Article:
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Apex Hospitality Corp. Renovating Former Assisted Living
 Facility as 94 room Hampton Inn in Stamford, Connecticut

By Peter Healy, The Stamford Advocate, Conn.
Knight Ridder/Tribune Business News

Oct. 14, 2003 - A shuttered assisted living facility on Stamford's West Side that was built as a luxury inn and restaurant in 1984 is slated to become a hotel once again.

North Brunswick, N.J.-based Apex Hospitality Corp. plans to convert the former Atria Town Center at 26 Mill River St. into a 94-room Hampton Inn & Suites by early next year.

The 84,500-square-foot brick building opened as the Inn at Mill River and closed amid a glut of hotel construction in Stamford during the 1980s. The Atria facility closed last winter because of low occupancy. "The hotel had a good reputation and we want to return that reputation to the property," said Apex Hospitality President Sunil Nayak. "Stamford definitely needs a Hilton product."

Apex Hospitality will operate the hotel under a franchise agreement with Hilton Hotels, parent of Hampton Inn and Hampton Inn & Suites. Hiltons that are closest to Stamford are the Hilton Garden Inn in Norwalk and Rye Town Hilton in Rye Brook, N.Y.

On Oct. 3, Apex Hospitality bought the former Atria for $7.5 million from a partnership that includes hotel developers Seth Weinstein and Charles Mallory and condominium developer Randall Salvatore. The trio bought the building in January for $4.5 million. They had planned either to convert it into residential condominiums or into a spa hotel. Mallory and Weinstein invested $32 million in redeveloping the Delamar Greenwich Harbor hotel in Greenwich.

Weinstein said the offer to sell the Atria rather than develop it was too good to turn down.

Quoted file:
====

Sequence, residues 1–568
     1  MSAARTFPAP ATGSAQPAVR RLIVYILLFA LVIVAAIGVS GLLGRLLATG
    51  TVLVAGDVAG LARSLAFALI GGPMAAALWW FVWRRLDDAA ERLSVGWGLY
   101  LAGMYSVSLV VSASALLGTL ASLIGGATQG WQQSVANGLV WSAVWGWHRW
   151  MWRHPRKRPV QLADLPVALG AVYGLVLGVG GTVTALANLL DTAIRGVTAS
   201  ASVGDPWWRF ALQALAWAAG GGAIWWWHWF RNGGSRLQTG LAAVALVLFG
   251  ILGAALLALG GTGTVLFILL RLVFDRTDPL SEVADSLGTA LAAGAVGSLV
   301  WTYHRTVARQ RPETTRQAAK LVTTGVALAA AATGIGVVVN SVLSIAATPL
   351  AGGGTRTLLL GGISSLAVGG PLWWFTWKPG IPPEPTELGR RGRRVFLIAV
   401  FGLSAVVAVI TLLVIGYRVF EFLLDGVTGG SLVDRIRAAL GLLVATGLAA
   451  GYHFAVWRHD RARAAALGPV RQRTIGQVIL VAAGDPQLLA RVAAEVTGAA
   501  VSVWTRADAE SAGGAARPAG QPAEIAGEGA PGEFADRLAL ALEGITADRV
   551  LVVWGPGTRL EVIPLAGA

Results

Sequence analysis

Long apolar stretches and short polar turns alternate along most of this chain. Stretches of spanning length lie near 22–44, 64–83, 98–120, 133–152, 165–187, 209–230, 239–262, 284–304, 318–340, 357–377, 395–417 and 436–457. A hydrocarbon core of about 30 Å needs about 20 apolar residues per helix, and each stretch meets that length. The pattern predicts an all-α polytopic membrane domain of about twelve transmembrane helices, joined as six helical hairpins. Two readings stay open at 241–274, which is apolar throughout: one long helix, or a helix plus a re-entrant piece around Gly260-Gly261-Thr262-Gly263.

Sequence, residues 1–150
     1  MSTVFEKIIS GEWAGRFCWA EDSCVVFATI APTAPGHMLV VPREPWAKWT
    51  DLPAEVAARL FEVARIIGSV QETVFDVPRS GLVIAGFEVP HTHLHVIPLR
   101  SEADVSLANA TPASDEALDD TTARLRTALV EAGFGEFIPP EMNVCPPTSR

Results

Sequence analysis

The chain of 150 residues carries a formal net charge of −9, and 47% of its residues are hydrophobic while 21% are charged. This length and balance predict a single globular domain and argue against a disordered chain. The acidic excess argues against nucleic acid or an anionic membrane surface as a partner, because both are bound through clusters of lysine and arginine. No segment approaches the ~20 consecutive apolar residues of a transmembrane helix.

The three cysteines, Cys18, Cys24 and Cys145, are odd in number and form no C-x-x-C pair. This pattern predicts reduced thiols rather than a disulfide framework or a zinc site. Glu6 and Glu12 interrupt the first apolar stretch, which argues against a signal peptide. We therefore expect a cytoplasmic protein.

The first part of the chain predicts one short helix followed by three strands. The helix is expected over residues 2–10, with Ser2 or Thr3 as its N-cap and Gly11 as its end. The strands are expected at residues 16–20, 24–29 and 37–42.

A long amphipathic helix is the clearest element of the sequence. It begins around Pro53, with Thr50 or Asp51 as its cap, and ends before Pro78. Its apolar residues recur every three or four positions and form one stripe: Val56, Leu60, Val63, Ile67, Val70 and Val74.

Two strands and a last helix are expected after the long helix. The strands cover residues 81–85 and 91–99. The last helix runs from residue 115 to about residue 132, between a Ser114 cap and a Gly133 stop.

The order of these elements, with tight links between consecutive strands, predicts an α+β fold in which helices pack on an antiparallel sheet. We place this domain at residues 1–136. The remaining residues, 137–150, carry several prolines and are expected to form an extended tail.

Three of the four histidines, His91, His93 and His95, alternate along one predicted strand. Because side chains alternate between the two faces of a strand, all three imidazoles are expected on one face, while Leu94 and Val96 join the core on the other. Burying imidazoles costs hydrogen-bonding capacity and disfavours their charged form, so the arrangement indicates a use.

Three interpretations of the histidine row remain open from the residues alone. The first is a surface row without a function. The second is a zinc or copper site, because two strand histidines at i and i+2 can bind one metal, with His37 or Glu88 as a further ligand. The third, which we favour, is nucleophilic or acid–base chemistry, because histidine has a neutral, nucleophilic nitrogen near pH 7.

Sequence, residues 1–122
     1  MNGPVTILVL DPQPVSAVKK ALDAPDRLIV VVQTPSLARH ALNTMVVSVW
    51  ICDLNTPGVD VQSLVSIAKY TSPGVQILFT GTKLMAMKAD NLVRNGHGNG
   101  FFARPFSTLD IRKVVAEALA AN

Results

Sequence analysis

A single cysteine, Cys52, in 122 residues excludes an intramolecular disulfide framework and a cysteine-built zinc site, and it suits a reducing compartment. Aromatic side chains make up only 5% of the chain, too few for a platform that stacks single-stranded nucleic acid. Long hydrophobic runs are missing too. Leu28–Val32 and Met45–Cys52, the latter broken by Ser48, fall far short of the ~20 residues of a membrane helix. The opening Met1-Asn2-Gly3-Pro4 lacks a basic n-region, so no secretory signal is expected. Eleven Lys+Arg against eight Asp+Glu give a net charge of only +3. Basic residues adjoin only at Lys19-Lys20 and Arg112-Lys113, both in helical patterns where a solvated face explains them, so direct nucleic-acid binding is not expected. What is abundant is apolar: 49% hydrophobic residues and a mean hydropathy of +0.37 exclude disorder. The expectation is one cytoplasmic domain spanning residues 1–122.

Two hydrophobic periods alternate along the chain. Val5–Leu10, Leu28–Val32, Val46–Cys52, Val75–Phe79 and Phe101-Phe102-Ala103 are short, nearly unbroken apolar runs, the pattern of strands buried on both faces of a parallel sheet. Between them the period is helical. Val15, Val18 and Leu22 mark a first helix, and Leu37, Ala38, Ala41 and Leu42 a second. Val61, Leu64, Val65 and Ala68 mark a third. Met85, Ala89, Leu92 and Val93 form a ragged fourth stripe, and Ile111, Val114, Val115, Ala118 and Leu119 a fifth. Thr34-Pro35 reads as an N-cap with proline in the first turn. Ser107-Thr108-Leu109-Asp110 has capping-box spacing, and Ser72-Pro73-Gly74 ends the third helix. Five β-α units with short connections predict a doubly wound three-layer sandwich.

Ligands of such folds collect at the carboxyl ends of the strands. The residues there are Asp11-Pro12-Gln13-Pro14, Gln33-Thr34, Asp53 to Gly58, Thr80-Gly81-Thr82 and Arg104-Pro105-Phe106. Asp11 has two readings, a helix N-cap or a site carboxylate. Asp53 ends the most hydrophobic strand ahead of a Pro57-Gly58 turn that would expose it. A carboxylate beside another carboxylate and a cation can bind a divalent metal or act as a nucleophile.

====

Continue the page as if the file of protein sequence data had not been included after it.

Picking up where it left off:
"It was a bittersweet deal to sell the building because I liked it enormously. It was very well built," Weinstein said. "I hope the buyer will restore it to its former glory. I have great confidence in the future of that neighborhood."

Apex Hospitality expects to invest $2.5 million in renovations at the Stamford facility.

Nayak said the rooms will get new carpets and furniture and he plans to construct a porte cochere, or canopy, a roof parapet and stucco framework. A separate restaurateur will be responsible for renovations of the hotel's 125-seat restaurant, Nayak said.

He said he is talking with two national chains and a couple of local, independent restaurant operators but no deal is final yet. The restaurant might open in April, Nayak said.

The Hampton Inn & Suites will also have a meeting room that can hold 75 people and a board room that can accommodate 15 people, Nayak said. The hotel's parking garage has 128 spaces.

The facility will start with 94 rooms but might expand to 110 units if it can get a zoning variance, Nayak said. The building can fit more guest rooms because some of the rooms in the former assisted living facility are 1,000 square feet, compared with the average hotel room of 400 square feet, he said.

Nayak said 30 percent, or about 28, of the hotel's units will be two-room suites of 600 to 800 square feet. The suites will have refrigerators and microwave ovens and a few of them will have plasma televisions, he added. The suites will cost between $160 and $175 per night, compared with $115 to $135 for a standard room, according to Nayak. Stamford's Hampton Inn aims to attract mainly business travelers, Nayak said.

But those travelers might be in short supply.

According to Smith Travel Research of Hendersonville, Tenn., revenue from Stamford's 2,277 hotel rooms was $60.3 million in 2002, down from $79 million in 2000. The city's hotel occupancy was 54.1 percent last year, according to Smith.

"Although there is evidence of growth and a return to business travel, it is still a challenging marketplace," said Simon Flynn, executive director of the Middletown-based Connecticut Lodging Association. "With the hotel industry primed for a recovery, this Hampton hotel will satisfy demand for mid-market and extended-stay accommodations in this area," said Tom Hamm, senior adviser for Sperry Van Ness/Hamm & Co. in Stamford, which represented Apex Hospitality in the sale. He said the new hotel's suites could be extended-stay rooms.

Apex Hospitality announced its plans as developer Thomas Rich is constructing the 115-room Courtyard by Marriott at the corner of Broad and Summer streets in downtown Stamford.

Rich, who also plans to build a 160-unit Residence Inn extended-stay hotel on Atlantic Street in Stamford, could not be reached for comment. An operator of seven hotels in New Jersey and Massachusetts, Apex Hospitality also plans to build a Homewood Suites extended-stay hotel in Milford.

-----To see more of The Stamford Advocate, or to subscribe to the newspaper, go to

(c) 2003, The Stamford Advocate, Conn. Distributed by Knight Ridder/Tribune Business News. HLT,

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